Treatment of Coloured Men

      Darren -

      Firstly, and very briefly, I would like to say how much I am enjoying this group. Thanks to everyone concerned. My eyes are being opened with every email I receive. Thanks.

      I have a couple of queries that maybe someone could shed some light on for me.
      My image of a British serviceman as a POW of the Japanese is a white man, but does anyone have any information of the treatment of coloured British servicemen?

      And of the POWs' relatives? During research of my hometown during WII I have come across examples of local next-of-kin being notified that their husbands were POWs as long as 3 years after the fall of Singapore. Another example (not my hometown) is of a POW returning home to his fiance after the war, only to discover she had left for the States as a G.I. bride. Locally, relatives were being told ...

      "... there has not up to the present day been a single authenticated case of atrocities against the Prisoners of War in any camp or civil internment camp in the Far East. Rumours must not be listened to. I think you will agree that the position could be worse and I hope your minds will be a little easier." That was in 1943.

      Does anyone know of a source to gain more information about how relatives were being kept informed?

      Rachel - >Darren, My husband and I joined the FEPOW community in the hope of sheding some light on what happened to his uncle. His Aunt always maintained she was informed of his death, and that he died in Changhi. Yet when we found him on the commonwealth war graves site he was buried in Yokohama, Japan and died in March of 1945, she also meet a doctor who had been in the camp and said he died in Changhi of Beri Beri, but someone from the Fepow did some checking at the IPM, and located a nominal roll for 9th coast regiment of the Royal Artillery, and he had travelled oversea in a prison ship, and had gone to Honsho in Japan, but at the moment we have no more information than that. We would like to find this doctor and try to find out why he told our aunt this.

      Anne - >Darren, There is plenty of evidence that governments did not want information about POW conditions to reach the public, for fear of upsetting relatives but there was no concerted effort to prevent news coming out because it leaked anyway. The real problem was that there was so much chaos and misinformation. I don't know Singapore but in Hong Kong and Shanghai the Red Cross did its best under difficult circumstrances and did rather well, certainly with civilian internee information. The Japanese kept detailed records which include things like deaths and so on. I have seen the original despatches they sent routinely on deaths and so on.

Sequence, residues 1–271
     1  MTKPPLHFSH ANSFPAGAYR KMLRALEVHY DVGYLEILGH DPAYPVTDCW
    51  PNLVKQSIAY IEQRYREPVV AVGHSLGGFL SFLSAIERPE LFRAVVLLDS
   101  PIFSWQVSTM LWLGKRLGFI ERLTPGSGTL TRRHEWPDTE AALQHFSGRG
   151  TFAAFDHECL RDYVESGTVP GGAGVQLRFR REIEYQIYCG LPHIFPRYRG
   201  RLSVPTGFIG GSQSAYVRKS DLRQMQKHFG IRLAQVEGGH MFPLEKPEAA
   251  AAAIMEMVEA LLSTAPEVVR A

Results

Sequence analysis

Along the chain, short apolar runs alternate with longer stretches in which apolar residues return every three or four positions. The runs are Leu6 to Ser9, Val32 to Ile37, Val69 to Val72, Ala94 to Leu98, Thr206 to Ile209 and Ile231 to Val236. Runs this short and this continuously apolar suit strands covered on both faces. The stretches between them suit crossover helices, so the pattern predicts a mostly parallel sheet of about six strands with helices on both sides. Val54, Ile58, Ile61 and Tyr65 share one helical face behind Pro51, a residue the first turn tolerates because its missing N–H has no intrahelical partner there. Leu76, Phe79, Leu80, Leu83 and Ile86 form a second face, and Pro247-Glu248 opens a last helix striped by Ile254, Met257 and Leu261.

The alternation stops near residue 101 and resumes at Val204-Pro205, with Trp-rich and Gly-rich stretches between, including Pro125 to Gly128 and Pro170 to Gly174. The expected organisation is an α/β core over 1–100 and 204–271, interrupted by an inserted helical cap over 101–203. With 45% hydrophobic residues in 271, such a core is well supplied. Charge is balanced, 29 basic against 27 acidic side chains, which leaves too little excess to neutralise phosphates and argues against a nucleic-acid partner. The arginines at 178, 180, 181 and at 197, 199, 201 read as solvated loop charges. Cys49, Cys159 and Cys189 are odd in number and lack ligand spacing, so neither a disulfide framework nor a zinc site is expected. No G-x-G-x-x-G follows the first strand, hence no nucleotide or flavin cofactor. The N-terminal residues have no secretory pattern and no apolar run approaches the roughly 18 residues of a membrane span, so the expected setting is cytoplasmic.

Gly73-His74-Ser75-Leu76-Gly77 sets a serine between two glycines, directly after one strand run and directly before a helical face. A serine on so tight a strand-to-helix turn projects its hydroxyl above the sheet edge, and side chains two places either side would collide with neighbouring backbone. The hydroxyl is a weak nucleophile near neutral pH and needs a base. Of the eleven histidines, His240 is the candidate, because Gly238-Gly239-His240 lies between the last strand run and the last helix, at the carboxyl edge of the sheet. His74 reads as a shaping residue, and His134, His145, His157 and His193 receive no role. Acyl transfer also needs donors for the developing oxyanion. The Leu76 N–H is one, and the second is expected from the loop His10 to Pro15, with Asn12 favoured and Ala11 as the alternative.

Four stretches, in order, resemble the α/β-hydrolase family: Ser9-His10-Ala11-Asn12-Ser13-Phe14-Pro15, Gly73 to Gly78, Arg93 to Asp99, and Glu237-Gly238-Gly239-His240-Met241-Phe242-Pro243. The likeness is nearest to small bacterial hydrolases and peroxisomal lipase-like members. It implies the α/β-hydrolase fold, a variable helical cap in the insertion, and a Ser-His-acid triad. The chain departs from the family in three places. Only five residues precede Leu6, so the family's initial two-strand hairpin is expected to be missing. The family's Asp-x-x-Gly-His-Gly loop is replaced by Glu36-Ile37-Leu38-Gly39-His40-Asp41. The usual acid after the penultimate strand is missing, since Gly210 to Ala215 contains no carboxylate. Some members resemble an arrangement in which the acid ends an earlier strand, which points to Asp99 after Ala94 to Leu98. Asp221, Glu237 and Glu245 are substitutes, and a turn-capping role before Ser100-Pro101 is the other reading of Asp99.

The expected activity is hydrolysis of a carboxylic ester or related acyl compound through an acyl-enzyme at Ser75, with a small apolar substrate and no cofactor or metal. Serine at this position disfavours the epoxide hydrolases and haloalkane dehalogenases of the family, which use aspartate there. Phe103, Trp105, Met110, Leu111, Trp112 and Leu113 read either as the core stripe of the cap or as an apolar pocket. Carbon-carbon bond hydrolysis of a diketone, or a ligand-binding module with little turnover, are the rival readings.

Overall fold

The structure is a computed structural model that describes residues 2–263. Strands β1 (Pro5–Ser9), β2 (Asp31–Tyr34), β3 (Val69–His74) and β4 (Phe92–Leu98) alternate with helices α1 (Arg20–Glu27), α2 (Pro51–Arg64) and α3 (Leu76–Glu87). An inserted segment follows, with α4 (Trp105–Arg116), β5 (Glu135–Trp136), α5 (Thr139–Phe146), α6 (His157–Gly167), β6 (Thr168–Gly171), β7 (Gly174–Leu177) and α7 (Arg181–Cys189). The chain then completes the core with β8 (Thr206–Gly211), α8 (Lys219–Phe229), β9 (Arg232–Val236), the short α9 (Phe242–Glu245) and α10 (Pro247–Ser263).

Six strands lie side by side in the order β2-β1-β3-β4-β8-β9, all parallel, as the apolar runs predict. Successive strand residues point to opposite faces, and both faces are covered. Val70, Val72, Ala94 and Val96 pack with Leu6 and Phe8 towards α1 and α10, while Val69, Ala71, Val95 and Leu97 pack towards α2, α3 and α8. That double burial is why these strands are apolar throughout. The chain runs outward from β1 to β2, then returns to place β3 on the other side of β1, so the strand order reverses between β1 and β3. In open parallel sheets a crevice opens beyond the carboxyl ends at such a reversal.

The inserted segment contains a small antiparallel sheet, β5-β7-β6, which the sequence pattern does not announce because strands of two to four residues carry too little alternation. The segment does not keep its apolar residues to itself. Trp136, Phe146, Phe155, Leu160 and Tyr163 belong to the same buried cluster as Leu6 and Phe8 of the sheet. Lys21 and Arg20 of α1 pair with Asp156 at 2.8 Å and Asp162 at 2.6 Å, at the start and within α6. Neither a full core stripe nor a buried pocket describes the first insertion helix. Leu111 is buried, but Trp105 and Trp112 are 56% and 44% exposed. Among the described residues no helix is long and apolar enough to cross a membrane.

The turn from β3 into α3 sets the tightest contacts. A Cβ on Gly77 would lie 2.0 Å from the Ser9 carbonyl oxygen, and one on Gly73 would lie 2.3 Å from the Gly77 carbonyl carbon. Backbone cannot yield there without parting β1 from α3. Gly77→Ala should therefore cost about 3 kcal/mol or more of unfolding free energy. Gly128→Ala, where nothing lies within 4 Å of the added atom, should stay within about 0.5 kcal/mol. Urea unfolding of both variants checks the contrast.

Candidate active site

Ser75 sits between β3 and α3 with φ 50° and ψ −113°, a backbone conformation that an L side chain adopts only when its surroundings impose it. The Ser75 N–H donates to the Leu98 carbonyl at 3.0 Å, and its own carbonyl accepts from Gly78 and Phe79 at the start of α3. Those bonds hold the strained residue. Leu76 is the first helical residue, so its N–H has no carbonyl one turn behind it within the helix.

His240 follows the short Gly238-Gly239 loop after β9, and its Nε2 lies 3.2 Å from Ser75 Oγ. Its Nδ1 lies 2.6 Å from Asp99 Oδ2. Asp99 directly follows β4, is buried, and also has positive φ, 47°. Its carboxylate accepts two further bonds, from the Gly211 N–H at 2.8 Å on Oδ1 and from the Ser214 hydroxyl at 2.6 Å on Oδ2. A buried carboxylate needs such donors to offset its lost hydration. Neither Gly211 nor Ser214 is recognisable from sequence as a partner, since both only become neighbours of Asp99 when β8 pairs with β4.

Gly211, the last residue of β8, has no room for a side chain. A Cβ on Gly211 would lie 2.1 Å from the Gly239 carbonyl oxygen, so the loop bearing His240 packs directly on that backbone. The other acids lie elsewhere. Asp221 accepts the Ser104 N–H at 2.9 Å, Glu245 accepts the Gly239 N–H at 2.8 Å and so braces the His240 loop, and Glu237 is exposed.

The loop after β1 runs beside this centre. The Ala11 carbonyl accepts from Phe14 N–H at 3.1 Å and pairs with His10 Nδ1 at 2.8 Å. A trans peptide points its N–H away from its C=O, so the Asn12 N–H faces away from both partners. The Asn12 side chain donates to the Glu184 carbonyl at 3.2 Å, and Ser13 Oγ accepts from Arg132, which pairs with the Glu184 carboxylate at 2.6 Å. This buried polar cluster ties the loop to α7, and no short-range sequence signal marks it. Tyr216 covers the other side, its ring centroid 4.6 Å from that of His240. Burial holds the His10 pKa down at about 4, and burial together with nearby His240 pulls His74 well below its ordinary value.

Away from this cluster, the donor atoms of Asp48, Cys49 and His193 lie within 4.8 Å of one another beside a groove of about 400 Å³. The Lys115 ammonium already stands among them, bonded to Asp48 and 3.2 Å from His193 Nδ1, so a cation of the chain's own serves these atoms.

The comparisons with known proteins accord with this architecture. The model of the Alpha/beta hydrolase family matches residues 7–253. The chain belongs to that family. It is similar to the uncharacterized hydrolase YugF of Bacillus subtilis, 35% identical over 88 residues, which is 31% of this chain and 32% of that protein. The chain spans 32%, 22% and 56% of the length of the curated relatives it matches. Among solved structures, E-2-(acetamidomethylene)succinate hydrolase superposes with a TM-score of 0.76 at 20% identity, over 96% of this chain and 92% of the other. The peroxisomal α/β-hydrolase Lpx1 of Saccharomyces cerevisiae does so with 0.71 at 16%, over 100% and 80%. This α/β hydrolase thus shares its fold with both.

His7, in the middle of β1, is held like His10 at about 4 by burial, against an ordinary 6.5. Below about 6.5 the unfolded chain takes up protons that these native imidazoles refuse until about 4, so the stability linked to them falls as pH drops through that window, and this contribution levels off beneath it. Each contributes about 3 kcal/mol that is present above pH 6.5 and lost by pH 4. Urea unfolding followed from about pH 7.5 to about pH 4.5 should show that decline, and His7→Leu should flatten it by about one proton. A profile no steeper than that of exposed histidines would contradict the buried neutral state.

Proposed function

What do you mean by "coloured" servicemen ? Non whites in the regular forces, Indian Regiments, or local Volunteers ? There was for example an African brigade in Burma. Also lots of non whites in the regular services. Attitudes towards them varied - the war and foreign office being surprisingly liberal, self appointed organisations holding rather extreme colonial values, while individuals like Wingate, Calvert and many of the SOE had radically enlightened ideas. I have done some work on POWs in the immediate postwar period and the different was the were treated then, too. The Navy was particularly good at looking after its own - in fact there was one officer who went to a lot of trouble to track down the families of dead or missing Chinese seamen, and try to give them help. In contrast, the treatment of the Volunteers was coloured by prewar and wartime ideas. While the Volunteers were still in HK they had many unofficial ways of getting information in and out of camp. Once those shipped to Japan left, they lost contact.

      Tony - >Darren, The treatment of Indian POWs is reasonably well documented - but at the general level rather than specific. I have entirely failed (for example) to find any Indian-written biography or diary for the Hong Kong campaign, yet they supplied two of the six infantry battalions and the majority of the gunners.

      They were not treated well, and many died in camp. They were all 'encouraged' by any means available to join the anti-British Indian National Army. This met with relatively little success in Hong Kong where - although many wished for India to be independent - the sentiment was generally anti-Japanese. Here we had the case of Captain Ansari GC (a very vocal supporter of independence) being tortured and shot as a POW for his anti-Japanese activities.

      I believe a greater percentage of Indians captured in Singapore joined the INA.

      However (and again this is the Hong Kong experience) the Indian POWs were at least spared the transportations to Japan.

      Anne - Because of the attitudes of the time, the views of Indians weren't